Taking a diet rich in protein, and all the necessary multivitamins and minerals, he’s following a disciplined routine to perform his best! “I wake up at 6am and do my training from 7.30am to 10am. I then go for breakfast, and after lunch comes later. There’s training again in the evening, from 5.30pm to 8.30pm. My dinner is sharp at 9pm, and I sleep at 10.30pm. Between all this, I love listening to Punjabi music and watching throwing related videos on the internet,” says Singh.

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Sandeep Kumar believes in ‘positive visualisation’

(Photo: Facebook)
(Photo: Facebook)

Race walker Sandeep Kumar is one of the few athletes who has beaten down Covid-19, and is now geared up to fight back anything that comes between him and his Olympic dream! The 35-year-old hailing from a farming family in Mahendragarh district of Haryana, had to train on paddy fields at his own farmlands, for three months during the lockdown.

He has previously broken a record at the National Race Walking Championship in 2018, and recalls how he had never heard of the sport until he joined the army. His admission into the Jat Regiment Centre led him to take up race walking professionally. And today, his Olympic prep involves ample protein including dal, daliya, chapati. “My training involves me to do 200 to 250 kilometre race walking. I train for three to four hours every morning and evening. Shareer ko ussi hisaab se dhaalna padta hain, hard training karni padti hai. During the morning time, I do positive visualisation ki aaj ka training achha ho, successful ho,” says Kumar, confessing that he loves is to savour the occasional halwa and kheer in small portions!

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Sending positive thoughts in the universe for victory, Kumar adds: “Jab khaoge aur mehnat karoge, tabhi toh shareer mein sab kuch achha lagta hai. Apna target toh complete karna hi hota hai… Bas desh ke liye acha karna hai.”

Music at gym, mind training for Manu Bhaker

(Photo: Sanjeev Verma/HT)
(Photo: Sanjeev Verma/HT)

Pistol shooter Manu Bhaker’s schedule is laid down to the T and is nothing short of perfect! And why not, for the 19-year-old is the only one from India’s squad of 15 who is to compete in three events in her first ever Olympics! Focusing on doing her best for herself and the country, she’s opting for everything that can keep her strong physically and mentally. Her schedule is laid down to the T and is nothing short of perfect.

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“My mantra is to Go for Gold,” says Bhaker, who is presently training in Zagreb (Croatia’s capital), and shares with us that her diet includes simple vegetarian Indian foods, salads, and cow’s milk. Giving an hourly low down of her schedule, she elucidates: “I get up at 5.30am and that’s when my daily routine starts. I do yoga from 6am to 7am, then have breakfast from 7am to 8am. Take the range bus at 8.10am, and from 8.30am to 2pm I’m at the shooting range. Then from 2.15pm to 2.45pm is my lunch followed by my study period for college from 2.45pm to 4pm. I head to the gym from 4pm onwards, and 5.30pm is physio session. Dinner’s at 7pm after which I’ve spots mind training from 8pm to 9pm. I call my family back home, from 9pm to 9.15pm, and go to bed at 9.15pm. During the practice and while at the gym, I listen to music.”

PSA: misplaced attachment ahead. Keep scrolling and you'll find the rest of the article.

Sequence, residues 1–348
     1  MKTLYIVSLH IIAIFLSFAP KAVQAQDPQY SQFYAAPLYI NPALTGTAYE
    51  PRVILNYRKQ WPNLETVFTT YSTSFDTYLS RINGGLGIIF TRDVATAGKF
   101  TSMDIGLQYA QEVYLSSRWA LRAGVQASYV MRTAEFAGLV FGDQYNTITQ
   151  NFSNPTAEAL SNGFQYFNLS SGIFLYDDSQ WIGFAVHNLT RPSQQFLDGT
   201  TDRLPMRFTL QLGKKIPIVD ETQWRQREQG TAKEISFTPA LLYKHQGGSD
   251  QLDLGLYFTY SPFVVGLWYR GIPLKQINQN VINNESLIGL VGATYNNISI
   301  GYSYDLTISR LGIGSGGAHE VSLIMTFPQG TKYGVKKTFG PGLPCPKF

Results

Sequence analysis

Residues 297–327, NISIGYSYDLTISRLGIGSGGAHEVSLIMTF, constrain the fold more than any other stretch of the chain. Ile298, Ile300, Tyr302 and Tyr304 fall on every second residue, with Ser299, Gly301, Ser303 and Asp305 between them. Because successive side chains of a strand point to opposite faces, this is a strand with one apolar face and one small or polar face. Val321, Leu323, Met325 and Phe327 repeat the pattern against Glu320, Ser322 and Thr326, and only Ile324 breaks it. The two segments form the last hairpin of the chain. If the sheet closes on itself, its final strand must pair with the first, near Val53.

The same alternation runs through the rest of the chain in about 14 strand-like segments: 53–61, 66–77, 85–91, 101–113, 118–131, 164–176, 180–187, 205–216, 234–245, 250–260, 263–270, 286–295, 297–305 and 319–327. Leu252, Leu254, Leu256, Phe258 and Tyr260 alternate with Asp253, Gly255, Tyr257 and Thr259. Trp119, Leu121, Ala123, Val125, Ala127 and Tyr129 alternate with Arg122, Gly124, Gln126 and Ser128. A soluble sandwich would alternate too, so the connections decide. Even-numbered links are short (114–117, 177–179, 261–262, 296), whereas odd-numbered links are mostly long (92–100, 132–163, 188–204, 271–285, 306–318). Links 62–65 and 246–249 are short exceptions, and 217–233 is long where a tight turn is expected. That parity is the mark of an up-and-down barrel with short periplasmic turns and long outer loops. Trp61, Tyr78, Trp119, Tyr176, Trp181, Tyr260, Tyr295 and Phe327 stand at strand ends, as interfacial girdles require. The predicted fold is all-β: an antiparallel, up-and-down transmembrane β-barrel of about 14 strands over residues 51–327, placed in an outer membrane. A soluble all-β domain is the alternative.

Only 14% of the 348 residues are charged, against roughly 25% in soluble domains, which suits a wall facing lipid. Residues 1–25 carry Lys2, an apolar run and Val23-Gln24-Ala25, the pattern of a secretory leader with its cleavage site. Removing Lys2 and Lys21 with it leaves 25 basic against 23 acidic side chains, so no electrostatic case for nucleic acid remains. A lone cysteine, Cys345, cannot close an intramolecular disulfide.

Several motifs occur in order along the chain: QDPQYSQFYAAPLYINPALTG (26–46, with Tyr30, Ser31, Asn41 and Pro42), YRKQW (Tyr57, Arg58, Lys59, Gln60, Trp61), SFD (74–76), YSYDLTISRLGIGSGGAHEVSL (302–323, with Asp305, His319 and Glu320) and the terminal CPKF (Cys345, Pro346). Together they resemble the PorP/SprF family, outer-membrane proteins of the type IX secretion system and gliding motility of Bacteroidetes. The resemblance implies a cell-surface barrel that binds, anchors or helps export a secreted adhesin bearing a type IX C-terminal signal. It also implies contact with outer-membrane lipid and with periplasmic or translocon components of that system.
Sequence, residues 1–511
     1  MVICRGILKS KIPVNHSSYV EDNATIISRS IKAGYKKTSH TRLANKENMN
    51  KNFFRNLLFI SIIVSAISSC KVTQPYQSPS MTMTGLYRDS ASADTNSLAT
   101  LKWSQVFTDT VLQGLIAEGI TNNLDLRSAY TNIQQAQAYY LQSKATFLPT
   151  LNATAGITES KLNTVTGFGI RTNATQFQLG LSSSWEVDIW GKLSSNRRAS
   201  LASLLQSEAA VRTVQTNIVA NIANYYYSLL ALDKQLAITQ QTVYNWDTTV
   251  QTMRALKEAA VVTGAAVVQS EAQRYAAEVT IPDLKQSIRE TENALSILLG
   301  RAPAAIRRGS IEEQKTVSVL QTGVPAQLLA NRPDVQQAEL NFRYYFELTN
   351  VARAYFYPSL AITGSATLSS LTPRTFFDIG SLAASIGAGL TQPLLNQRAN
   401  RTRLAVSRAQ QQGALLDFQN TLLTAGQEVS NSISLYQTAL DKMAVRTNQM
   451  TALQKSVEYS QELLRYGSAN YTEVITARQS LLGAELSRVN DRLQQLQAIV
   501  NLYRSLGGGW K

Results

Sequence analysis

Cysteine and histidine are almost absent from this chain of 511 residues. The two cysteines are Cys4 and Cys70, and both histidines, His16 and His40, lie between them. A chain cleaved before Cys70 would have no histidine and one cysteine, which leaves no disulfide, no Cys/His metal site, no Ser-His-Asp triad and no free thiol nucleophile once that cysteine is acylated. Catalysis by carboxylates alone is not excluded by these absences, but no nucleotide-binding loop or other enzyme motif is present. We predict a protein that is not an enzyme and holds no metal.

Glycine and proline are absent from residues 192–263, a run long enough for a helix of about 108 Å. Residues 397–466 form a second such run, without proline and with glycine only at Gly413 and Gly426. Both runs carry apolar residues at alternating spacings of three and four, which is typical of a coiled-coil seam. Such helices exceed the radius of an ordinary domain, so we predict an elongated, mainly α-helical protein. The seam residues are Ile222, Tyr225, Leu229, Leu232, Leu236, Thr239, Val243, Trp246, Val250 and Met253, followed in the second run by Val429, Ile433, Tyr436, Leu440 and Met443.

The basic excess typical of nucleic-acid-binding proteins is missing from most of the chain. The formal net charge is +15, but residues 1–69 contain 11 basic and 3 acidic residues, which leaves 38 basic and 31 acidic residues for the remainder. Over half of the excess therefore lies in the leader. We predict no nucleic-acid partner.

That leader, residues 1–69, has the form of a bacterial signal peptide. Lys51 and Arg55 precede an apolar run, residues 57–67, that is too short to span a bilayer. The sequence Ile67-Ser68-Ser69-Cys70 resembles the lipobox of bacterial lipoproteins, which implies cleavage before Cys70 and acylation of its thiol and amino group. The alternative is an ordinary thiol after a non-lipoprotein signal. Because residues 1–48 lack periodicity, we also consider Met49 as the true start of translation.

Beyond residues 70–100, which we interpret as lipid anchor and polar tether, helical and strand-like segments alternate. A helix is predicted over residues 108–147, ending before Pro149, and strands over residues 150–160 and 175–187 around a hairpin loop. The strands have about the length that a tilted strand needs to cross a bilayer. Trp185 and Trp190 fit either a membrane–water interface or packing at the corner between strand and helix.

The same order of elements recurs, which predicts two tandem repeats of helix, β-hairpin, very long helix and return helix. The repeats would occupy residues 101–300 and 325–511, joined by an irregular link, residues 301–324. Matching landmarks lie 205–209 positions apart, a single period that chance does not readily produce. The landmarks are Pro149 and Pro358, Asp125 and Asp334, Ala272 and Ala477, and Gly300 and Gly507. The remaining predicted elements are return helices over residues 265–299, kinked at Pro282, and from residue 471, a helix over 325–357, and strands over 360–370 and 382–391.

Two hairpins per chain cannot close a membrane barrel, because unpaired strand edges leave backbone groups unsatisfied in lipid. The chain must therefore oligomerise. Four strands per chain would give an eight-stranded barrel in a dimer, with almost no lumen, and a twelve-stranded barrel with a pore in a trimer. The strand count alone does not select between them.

Mythological books help Krishna Nagar de-stress

(Photo: Instagram)
(Photo: Instagram)

He’s not the world’s no 2 para-badminton player without reason. One needs to see Krishna Nagar to believe the force and balance with which he ‘loves’ the game. The Jaipur born para shuttler is all set to make his debut at Paralympics this year, and is currently training rigorously in Lucknow.

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“In the morning, kayi baar mai breakfast nahin karta khelne se pehle, and I keep a fruit with me that I can have in between the training session that goes from 9am to 11am. Then I have another session at 6pm to 8pm. Five to six hours toh normal hain, for training. Kabhi kabhi isse zyada bhi ho jata hai,” says the 21-year old, who recently clinched two gold medals at Dubai 2021 Para Badminton International, this April.

He grins at how people point out his resemblance with cricketer Virat Kohli, and adds that the banter with his fellow players keeps him mentally calm. “Training sessions se pehle mai strengthening bhi karta hoon. Abhi athletes ne sessions ke timing bada diye hain kyunki Olympics ke liye time kam bachha hai. Workout ka time bhi bada hai,” he informs, adding: “What helps me de-stress are mythological books! Koshish yeh rehti hain ki positivity rahe life mein.”

Author tweets @Nainaarora8